Discover more from Matthew's Notebook
"Manufacturing Consent" and the Kurdish Question
Noam Chomsky's propaganda theory is important for understanding how Kurds are covered — and ignored — by the American press today.
A few months ago, I published an article on how international media covers Jordan, as part of my Fulbright project.1 This month, I applied the same methodology to investigate how international media covers Kurdish issues. This question is much more complicated, because Kurdistan is part of four different states and Kurds are embroiled in a web of different political and military conflicts.
That complexity makes the question of Kurds and the media much more interesting. With Jordan, it was a question of when journalists mentioned the country, and what was happening at the time. With Kurds, the question is not only when but also where. It matters a great deal whether Americans’ impression of the “Kurdish question” comes from hearing about the Iraqi Kurdish, Iranian Kurdish, Syrian Kurdish, or Turkish Kurdish experience.
There are about 20 million Kurds in Turkey, a repressive U.S. ally; about 10 million Kurds in Iran, a repressive U.S. enemy; about 6 million Kurds living under Iraq’s U.S.-backed Kurdistan Regional Government; and about 2 million Kurds in Syria, living under either the U.S.-backed Autonomous Administration of North and East Syria or the Turkish occupation.
As always, I recommend reading the full article to get a full idea. It wouldn’t be fair to the Kurdish Peace Institute if I just posted it all here. I’ll give you a hint: international media talks a lot about Kurds when they are relevant to U.S. domestic politics (specifically Donald Trump) or the ISIS war.
I am not the first person to think about the American media’s relationship to different Kurdish communities. That would be Noam Chomsky, the linguist and media critic. In his introduction to the 2002 edition of Manufacturing Consent, the classic left-wing media criticism study, Chomsky points out that the American media has been far more sympathetic to Iraqi Kurds (oppressed by a U.S. enemy after 19912) than Turkey’s Kurds (oppressed by a U.S. ally with American-made weapons).
Manufacturing Consent is one of the most frequently misunderstood books, especially by the people who name-drop it, so I’d like to take this opportunity to explain its ideas a bit.
Leftists often say “manufacturing consent” to mean that the media is inventing an idea and forcing it down people’s throats, perhaps on orders from above. In fact, Chomsky argues that the American media doesn’t need to be ordered around, because subtle incentives have created “a propaganda system that is far more credible and effective in putting over a patriotic agenda than one with official censorship.”
According to the study, there are five “filters” that affect media coverage in favor of powerful political actors:
Ownership: media outlets are big, expensive operations owned by rich people, corporations, and governments. This filter is actually the least insidious one in a lot of ways, because it’s very obvious and straightforward how power flows.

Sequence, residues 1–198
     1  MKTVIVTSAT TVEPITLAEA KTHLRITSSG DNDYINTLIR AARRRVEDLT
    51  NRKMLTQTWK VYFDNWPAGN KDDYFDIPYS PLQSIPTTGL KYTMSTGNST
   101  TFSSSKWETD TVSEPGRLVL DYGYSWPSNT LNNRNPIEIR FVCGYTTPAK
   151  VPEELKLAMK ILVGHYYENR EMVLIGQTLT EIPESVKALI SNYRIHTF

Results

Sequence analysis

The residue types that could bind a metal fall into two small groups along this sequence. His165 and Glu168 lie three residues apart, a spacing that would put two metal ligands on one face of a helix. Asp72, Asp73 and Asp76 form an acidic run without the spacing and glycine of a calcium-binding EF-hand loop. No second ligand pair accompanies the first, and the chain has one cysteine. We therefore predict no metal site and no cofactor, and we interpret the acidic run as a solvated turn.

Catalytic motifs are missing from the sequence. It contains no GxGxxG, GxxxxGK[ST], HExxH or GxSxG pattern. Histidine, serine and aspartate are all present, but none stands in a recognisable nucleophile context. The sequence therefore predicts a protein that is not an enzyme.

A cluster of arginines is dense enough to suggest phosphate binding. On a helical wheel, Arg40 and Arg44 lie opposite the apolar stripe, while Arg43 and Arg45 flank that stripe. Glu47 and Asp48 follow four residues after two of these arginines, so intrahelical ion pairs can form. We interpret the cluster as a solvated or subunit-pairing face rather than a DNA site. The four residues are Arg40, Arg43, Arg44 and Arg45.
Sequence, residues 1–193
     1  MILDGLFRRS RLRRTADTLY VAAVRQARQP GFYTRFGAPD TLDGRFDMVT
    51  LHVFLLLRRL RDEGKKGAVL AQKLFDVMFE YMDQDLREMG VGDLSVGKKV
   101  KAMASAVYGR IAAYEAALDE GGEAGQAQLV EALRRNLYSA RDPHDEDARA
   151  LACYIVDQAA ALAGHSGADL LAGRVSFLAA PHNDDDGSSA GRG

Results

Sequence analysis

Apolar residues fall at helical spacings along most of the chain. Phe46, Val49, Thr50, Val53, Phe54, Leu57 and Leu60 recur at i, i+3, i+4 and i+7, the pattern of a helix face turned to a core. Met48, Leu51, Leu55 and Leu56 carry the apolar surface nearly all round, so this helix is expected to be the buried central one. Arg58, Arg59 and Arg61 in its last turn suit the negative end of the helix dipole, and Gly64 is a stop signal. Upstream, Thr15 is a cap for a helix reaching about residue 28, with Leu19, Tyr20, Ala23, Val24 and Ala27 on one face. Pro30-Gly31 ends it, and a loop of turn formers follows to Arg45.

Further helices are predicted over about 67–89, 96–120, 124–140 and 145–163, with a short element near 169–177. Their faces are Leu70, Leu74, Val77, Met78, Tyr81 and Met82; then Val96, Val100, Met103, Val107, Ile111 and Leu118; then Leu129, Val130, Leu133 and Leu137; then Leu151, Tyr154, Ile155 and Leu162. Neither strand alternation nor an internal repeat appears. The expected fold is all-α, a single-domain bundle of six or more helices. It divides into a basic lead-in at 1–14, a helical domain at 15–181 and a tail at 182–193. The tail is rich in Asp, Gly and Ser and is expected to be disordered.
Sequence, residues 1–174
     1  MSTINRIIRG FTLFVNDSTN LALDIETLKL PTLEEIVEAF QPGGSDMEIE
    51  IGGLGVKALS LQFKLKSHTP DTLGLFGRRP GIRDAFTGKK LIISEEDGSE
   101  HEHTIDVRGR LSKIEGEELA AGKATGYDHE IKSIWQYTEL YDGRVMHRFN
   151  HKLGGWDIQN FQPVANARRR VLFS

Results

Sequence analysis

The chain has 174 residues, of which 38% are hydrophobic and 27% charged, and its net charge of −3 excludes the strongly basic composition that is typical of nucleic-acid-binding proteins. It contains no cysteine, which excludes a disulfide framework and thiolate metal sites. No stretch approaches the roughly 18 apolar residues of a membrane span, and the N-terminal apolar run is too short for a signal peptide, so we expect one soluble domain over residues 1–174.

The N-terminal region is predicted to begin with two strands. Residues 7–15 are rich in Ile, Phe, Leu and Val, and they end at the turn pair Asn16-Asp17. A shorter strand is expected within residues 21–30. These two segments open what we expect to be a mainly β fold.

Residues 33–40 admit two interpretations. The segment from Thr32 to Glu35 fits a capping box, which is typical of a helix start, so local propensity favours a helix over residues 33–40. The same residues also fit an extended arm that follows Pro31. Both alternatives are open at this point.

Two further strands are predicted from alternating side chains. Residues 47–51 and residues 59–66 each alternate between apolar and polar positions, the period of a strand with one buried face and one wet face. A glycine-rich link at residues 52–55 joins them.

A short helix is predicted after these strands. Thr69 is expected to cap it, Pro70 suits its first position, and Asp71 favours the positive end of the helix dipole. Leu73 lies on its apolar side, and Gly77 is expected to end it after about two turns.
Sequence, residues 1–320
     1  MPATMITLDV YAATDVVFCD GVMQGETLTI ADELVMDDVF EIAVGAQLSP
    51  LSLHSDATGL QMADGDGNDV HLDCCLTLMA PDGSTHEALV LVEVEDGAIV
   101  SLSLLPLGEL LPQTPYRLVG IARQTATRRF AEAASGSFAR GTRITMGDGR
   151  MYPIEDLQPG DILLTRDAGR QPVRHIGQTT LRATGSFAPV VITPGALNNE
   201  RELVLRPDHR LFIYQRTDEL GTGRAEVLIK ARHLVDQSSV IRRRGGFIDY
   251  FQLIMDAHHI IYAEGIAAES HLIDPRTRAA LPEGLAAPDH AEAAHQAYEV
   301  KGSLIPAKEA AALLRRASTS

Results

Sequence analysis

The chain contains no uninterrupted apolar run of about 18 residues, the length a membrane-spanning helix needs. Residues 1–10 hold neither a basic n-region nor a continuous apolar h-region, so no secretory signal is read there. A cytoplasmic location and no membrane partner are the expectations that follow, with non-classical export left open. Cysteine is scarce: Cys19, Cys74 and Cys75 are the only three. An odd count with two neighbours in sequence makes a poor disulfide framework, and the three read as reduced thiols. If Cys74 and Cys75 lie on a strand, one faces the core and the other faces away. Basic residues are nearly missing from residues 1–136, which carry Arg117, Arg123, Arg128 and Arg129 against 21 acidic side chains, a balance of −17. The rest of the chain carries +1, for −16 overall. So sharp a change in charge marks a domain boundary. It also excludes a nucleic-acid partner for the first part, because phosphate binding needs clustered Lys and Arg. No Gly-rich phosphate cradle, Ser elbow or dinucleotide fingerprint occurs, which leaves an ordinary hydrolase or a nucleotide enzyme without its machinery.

Advertising: news reporting costs more than news consumers are willing to pay. So outlets sell advertising to make up the cost. Ad revenue comes with a very specific incentive — to attract wealthier viewers and put them in a “spending mood.” This filter is more interesting and subtle than ownership alone.
Access to sources: powerful people have the information that journalists want. A lot of journalism, especially in the “national security” field, means convincing those powerful people that it’s in their interest to talk. Journalists who are considered “reliable” get exclusive scoops; those with sharp elbows find their access drying up. Sometimes it’s a bit of a human centipede, with journalists kissing up to think-tankers who kiss up to officials for information.
Flak: powerful people can also harass the media over unwanted coverage, in ways short of censorship or blackmail. A certain story or angle may be more trouble than it’s worth if journalists going down that route get hit with lawsuits, hate-mail, and attacks on their reputation.
Anticommunism or The Common Enemy: journalists like to think of their country as the Right Side of History and themselves as team players. During the Cold War, “the triumph of communism [was] the worst imaginable result,” and everything else was viewed through that lens. No matter what the United States or anticommunist regimes did, Soviet villainy was always in a higher category of evil. Today, Islamists or “authoritarians” play the same boogeyman role.
Although it’s common to say that the Internet liberated the media, technology has also intensified some of those filters. The online era creates far more pressure to chase advertising revenue than even the TV era. Social media is the greatest flak device ever invented; the powerful can incite a mob of angry fans online, or simulate one with a network of bots.